Last week, 1,500 startup founders, policy makers, and industry leaders touched down in Ottawa for Startup Canada’s Day on the Hill, which brought all stakeholders together to shape Canada’s innovation agenda. With speeches, panels, and policy hackathons scattered in between sessions, the overall goal was to define specifically what works and what doesn’t when it comes to fostering strong Canadian companies.
The morning kicked off with Globalive founder and chairman Tony Lacavera, who touched on both the issues affecting entrepreneurs that politicians should consider, and what startups can do to make their voices heard on the global stage.
“The system is complicated for a reason. You guys deal with business tensions, and we get that, but we’re trying to encourage job creation. ”
Like Thalmic Labs CEO Stephen Lake has said in the past, the government needs to increase its support of companies in the tech sector, where most of the world’s jobs will be. “I would encourage governments to err on the side of supporting the job creators of tomorrow—the Canadian small businesses and startups—as opposed to mature companies, companies with the means to succeed on their own or those in declining or obsolete industries.”
At the same time, Lacavera pointed out that the onus was also on our home-grown VCs and funders to build the foundation for an ecosystem friendly to first-time Canadian entrepreneurs. “We need to embrace failure, for ourselves and for the people we invest in. I believe that if you haven’t failed once, you haven’t learned enough. Failing builds character and resilience, and it prepares us for what’s ahead,” said Lacavera. “Yet too many in the VC industry shy away from people who didn’t succeed the first time. This needs to change.”
Intuit Canada is proud to have been apart of #StartupDay on the Hill! Together we can Build an Innovation Nation https://t.co/hjDipEU8jx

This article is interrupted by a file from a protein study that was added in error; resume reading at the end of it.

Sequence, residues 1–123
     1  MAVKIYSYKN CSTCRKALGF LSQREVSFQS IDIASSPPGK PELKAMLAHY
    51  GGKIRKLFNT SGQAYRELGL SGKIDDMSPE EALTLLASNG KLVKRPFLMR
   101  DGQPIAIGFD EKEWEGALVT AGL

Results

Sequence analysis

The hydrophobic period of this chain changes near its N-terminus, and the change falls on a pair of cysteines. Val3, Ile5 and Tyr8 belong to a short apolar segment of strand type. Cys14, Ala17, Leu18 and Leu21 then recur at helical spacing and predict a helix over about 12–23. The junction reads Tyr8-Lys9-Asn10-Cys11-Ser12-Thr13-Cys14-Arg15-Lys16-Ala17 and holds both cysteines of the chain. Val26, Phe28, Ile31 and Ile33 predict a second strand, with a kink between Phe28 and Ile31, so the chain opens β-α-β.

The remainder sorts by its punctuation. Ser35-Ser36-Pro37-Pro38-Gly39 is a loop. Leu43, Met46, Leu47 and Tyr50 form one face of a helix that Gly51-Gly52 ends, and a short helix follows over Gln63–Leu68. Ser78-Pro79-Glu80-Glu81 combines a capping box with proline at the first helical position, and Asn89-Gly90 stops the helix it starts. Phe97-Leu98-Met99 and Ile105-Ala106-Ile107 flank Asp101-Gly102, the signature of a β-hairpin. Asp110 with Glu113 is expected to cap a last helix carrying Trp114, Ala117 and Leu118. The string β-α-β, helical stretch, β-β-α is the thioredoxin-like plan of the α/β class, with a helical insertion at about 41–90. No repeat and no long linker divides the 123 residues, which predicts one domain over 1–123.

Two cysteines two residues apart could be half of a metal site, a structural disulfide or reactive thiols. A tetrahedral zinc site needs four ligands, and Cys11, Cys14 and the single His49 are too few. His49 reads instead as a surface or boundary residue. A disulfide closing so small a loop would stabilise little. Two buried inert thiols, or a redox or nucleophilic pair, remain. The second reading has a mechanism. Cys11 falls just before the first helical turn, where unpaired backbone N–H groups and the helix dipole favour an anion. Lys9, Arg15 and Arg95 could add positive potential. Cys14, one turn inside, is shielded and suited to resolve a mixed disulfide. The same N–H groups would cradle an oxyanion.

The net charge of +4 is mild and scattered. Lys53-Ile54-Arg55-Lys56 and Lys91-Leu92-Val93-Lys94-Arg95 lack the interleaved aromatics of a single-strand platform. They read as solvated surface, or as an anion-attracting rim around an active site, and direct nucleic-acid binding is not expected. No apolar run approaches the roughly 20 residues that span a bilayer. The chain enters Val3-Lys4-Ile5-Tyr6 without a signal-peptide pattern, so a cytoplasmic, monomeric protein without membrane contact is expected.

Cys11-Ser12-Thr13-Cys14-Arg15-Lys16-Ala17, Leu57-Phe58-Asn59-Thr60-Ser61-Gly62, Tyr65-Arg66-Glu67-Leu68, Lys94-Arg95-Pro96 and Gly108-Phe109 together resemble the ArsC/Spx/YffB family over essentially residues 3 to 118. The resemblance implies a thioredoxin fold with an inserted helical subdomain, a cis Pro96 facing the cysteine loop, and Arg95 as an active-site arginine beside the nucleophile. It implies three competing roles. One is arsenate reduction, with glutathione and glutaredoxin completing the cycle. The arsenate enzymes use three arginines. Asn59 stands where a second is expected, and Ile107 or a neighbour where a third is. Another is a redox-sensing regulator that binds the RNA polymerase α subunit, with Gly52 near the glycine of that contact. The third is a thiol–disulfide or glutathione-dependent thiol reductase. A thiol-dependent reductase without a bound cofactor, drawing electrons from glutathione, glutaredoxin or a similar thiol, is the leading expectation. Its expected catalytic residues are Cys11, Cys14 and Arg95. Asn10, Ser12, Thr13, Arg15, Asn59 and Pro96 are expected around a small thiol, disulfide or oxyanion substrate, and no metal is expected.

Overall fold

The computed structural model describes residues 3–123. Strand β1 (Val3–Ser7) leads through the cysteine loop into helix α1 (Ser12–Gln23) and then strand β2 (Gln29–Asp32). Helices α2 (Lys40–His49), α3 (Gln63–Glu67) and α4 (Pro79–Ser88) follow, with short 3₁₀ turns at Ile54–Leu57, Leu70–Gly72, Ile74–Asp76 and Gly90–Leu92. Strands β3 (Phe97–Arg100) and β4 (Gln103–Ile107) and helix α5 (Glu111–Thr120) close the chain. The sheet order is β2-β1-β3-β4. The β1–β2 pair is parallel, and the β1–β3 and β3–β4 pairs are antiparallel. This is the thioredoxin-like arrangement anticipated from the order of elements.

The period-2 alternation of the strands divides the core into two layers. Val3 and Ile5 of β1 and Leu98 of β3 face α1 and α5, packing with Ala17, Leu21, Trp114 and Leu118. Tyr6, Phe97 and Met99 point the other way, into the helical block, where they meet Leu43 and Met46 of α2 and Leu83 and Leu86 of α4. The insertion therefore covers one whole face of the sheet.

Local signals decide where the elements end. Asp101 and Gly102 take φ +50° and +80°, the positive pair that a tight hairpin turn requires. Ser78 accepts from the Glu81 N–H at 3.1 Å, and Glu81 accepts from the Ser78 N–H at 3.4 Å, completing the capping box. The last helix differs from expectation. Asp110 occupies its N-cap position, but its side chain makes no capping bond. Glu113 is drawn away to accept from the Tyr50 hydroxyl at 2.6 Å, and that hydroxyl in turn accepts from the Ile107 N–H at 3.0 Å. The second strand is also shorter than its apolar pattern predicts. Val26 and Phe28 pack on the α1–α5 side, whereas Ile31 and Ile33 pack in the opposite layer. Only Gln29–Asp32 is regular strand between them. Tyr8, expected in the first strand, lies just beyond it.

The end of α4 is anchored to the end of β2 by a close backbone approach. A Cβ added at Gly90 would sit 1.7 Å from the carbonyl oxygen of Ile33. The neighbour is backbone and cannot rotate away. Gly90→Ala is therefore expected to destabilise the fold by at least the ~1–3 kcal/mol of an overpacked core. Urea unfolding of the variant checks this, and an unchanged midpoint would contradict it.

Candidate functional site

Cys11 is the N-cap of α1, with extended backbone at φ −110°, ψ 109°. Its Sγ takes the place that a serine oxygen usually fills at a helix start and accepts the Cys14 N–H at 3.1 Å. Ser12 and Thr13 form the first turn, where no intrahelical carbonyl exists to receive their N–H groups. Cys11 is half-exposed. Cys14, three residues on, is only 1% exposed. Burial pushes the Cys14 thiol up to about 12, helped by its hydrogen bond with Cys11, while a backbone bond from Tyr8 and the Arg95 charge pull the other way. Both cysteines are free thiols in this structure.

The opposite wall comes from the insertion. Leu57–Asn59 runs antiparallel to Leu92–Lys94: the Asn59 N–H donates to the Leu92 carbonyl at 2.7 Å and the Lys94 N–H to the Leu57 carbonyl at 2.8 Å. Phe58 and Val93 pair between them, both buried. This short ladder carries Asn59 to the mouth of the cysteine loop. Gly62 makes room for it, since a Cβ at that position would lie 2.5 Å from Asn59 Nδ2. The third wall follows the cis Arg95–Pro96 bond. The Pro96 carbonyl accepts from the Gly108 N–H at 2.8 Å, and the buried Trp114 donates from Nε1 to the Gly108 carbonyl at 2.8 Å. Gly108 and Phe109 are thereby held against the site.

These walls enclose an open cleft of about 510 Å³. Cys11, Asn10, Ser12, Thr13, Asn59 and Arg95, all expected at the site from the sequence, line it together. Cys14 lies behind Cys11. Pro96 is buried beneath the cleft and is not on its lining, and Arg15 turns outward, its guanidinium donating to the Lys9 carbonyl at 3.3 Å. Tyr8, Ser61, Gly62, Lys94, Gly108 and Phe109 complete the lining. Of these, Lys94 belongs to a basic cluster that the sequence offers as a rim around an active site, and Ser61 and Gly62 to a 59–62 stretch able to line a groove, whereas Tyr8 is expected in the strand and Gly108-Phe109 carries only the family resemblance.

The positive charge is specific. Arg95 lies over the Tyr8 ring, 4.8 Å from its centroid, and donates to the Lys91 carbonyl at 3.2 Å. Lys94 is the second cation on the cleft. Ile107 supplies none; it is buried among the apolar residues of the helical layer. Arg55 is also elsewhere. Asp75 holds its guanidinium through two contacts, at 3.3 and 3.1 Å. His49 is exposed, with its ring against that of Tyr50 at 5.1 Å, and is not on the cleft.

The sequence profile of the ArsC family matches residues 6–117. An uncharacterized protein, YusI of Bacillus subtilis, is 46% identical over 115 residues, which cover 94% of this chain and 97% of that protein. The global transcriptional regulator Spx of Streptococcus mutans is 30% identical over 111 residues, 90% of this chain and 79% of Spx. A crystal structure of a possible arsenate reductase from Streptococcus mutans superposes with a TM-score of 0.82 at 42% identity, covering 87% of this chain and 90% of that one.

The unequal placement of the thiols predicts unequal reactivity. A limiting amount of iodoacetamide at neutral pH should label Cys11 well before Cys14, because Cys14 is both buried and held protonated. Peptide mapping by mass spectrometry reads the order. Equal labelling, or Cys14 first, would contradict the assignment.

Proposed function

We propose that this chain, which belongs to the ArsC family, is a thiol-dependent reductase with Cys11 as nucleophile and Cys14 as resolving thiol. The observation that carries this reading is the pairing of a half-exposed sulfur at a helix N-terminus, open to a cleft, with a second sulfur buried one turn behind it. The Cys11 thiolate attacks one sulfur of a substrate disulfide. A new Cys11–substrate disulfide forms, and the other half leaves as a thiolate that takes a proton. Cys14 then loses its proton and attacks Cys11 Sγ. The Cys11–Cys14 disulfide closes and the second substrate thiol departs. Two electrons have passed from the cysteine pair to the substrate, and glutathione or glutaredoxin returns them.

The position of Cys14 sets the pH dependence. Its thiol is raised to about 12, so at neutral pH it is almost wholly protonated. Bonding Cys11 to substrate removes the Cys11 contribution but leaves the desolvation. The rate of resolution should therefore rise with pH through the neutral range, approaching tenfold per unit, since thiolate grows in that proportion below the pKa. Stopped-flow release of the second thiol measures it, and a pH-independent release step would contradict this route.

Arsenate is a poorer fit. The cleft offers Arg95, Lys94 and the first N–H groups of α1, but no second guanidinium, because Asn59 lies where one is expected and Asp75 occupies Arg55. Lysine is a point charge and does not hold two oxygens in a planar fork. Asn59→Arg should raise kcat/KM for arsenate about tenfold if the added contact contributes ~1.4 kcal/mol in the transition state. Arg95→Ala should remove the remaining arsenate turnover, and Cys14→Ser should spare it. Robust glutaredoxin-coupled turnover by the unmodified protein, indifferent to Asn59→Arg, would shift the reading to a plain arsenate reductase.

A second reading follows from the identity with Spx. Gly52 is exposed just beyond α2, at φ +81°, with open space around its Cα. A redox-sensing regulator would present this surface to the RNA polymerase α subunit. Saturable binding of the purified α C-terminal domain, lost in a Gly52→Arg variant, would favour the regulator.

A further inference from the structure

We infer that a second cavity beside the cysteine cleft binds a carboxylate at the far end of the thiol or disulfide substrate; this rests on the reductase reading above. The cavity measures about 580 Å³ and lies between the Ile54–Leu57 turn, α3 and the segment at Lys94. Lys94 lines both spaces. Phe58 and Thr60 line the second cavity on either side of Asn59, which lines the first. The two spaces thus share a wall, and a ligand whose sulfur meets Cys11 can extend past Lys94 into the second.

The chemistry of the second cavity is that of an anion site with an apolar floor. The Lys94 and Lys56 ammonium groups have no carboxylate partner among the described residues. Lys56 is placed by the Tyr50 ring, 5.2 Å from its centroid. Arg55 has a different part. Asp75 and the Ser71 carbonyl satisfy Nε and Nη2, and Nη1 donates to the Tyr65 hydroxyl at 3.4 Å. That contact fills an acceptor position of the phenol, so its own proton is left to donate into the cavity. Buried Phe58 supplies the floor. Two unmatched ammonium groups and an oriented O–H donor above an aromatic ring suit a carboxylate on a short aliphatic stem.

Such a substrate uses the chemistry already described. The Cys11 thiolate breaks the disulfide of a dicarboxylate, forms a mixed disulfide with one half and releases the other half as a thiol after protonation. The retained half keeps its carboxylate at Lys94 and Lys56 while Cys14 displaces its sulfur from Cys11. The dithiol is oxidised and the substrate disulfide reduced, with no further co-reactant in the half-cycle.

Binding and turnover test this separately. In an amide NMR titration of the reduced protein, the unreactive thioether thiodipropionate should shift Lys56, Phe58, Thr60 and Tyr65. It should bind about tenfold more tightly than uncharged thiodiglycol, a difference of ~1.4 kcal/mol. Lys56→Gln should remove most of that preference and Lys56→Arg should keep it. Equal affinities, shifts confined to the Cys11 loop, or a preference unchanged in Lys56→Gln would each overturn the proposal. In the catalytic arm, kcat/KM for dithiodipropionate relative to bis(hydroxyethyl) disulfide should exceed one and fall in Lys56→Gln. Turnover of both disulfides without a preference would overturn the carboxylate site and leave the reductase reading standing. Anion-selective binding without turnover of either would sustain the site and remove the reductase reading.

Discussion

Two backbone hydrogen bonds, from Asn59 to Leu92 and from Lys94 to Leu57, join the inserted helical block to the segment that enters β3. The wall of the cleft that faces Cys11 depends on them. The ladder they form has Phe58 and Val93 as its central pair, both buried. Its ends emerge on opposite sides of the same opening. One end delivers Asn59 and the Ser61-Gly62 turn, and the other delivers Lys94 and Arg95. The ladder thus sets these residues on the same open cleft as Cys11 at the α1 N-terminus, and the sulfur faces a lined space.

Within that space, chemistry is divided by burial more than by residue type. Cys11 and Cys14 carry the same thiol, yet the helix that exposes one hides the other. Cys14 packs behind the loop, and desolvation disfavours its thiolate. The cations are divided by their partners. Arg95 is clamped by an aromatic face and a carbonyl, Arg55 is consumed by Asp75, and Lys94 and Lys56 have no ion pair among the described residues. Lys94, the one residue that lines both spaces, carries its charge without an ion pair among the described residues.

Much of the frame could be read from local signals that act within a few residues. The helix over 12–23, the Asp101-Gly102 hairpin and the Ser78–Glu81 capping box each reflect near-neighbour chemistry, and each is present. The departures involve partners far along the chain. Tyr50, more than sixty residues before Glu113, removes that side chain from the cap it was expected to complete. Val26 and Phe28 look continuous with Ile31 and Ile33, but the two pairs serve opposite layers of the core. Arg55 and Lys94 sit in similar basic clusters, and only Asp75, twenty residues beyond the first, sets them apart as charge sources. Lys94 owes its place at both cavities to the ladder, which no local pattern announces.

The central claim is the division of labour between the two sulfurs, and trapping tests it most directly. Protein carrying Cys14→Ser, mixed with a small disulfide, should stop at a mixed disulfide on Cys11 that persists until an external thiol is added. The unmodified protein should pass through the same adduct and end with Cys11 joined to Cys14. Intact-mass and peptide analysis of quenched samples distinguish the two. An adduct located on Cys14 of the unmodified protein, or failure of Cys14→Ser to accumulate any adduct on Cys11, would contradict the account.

— Intuit QuickBooks CA (@QuickBooksCA) May 6, 2016
Wattpad CEO and founder Allen Lau also touched on the oft-discussed difficulty of bringing in foreign talent to Canada. As it can take months to bring in foreign workers to Canada, these highly-skilled workers often end up choosing other offers. Lau said that the current system was designed for the industrial economy to protect Canadian jobs, but doesn’t work in the new information economy. “In the new information economy, it doesn’t work this way. Because we don’t worry about protecting our jobs in the same way — we want to disrupt our own jobs so we can advance our company,” said Lau. “The thinking is very different. For those leaders that we could bring in, they can build a hundred amazing companies here and those amazing companies can attract thousands of people.”
Sitting on a panel with Lau, Arif Virani, Parliamentary Secretary to the Minister of Immigration, Refugees & Citizenship, said that he understood the perspective of entrepreneurs. However, entrepreneurs also needed to understand that the government is accountable to the larger Canadian population. “The system is complicated for a reason. You guys deal with business tensions, and we get that, and we’re trying to encourage business and job creation. But we deal with a reality that we want growth and that we are accountable to that growth to the Canadian public,” said Virani. “I appreciate what you’re saying that if it was easier to hire a Canadian you would just to do that, but from our perspective we need to be assured that the effort to hire Canadians is done at the outset.”
.@allenlau saying there are lots of skills that @wattpad can't train employees for. Have to come from experience. #StartupDay
— Douglas Tr0n Soltys (@tron) May 5, 2016
As Canada builds its innovation strategy with the input of entrepreneurs, Tonya Surman, founding executive director and CEO of the Centre for Social Innovation, said that Canada has the potential to be a leader in the area of social entrepreneurship. It’s an area that’s in line with the Canadian government’s vision, as part of the federal budget includes $130 million over five years to cleantech ventures.
“Ultimately, when we’re looking at how to position the global brand for Canada, we are increasingly becoming leaders in social entrepreneurship. But what does that mean? For me, it means focusing on what kind of enterprises we want to create,” said Surman. “What is the vision that we have for Canada, and how can harness the power of entrepreneurship and market forces and use those forces to solve pressing challenges? How do we bring solutions to community? My vision of our Canada is not just creating jobs but creating meaningful work.”